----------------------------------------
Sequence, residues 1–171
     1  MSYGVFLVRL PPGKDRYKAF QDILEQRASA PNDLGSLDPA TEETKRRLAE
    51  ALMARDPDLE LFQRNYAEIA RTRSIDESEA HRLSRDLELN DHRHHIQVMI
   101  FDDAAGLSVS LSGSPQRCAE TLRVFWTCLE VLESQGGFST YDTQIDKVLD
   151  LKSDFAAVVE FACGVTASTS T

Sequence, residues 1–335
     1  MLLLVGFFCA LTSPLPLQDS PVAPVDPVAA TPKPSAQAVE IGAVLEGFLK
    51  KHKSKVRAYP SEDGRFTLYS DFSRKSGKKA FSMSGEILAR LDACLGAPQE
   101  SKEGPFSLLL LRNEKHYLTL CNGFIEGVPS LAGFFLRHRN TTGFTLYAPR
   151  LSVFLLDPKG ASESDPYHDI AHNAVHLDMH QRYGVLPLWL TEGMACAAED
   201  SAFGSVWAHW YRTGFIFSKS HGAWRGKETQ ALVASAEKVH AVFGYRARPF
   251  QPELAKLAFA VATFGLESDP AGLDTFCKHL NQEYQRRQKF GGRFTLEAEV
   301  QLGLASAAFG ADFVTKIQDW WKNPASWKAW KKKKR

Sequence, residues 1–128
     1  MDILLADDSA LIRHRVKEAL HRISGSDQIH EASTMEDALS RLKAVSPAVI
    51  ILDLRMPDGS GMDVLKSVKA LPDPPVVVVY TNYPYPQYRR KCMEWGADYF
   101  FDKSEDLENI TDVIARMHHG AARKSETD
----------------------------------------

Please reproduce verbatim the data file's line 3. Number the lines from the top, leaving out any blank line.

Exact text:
    51  ALMARDPDLE LFQRNYAEIA RTRSIDESEA HRLSRDLELN DHRHHIQVMI